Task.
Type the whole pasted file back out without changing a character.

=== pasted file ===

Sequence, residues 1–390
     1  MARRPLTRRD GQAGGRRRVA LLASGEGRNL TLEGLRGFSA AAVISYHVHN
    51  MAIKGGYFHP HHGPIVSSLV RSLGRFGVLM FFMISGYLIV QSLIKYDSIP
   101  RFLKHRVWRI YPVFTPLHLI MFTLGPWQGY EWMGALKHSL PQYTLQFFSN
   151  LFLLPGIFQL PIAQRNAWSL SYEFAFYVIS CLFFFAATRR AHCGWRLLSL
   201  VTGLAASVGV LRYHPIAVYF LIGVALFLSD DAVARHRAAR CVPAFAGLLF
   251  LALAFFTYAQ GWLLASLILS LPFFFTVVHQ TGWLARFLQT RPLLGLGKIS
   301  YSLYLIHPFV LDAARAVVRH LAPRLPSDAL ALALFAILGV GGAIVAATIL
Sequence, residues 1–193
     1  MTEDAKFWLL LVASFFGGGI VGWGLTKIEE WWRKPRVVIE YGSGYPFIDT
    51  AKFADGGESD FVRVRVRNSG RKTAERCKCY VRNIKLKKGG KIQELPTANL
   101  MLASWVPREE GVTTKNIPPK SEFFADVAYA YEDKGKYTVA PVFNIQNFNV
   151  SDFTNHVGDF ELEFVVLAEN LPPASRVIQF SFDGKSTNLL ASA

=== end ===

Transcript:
Sequence, residues 1–390
     1  MARRPLTRRD GQAGGRRRVA LLASGEGRNL TLEGLRGFSA AAVISYHVHN
    51  MAIKGGYFHP HHGPIVSSLV RSLGRFGVLM FFMISGYLIV QSLIKYDSIP
   101  RFLKHRVWRI YPVFTPLHLI MFTLGPWQGY EWMGALKHSL PQYTLQFFSN
   151  LFLLPGIFQL PIAQRNAWSL SYEFAFYVIS CLFFFAATRR AHCGWRLLSL
   201  VTGLAASVGV LRYHPIAVYF LIGVALFLSD DAVARHRAAR CVPAFAGLLF
   251  LALAFFTYAQ GWLLASLILS LPFFFTVVHQ TGWLARFLQT RPLLGLGKIS
   301  YSLYLIHPFV LDAARAVVRH LAPRLPSDAL ALALFAILGV GGAIVAATIL
Sequence, residues 1–193
     1  MTEDAKFWLL LVASFFGGGI VGWGLTKIEE WWRKPRVVIE YGSGYPFIDT
    51  AKFADGGESD FVRVRVRNSG RKTAERCKCY VRNIKLKKGG KIQELPTANL
   101  MLASWVPREE GVTTKNIPPK SEFFADVAYA YEDKGKYTVA PVFNIQNFNV
   151  SDFTNHVGDF ELEFVVLAEN LPPASRVIQF SFDGKSTNLL ASA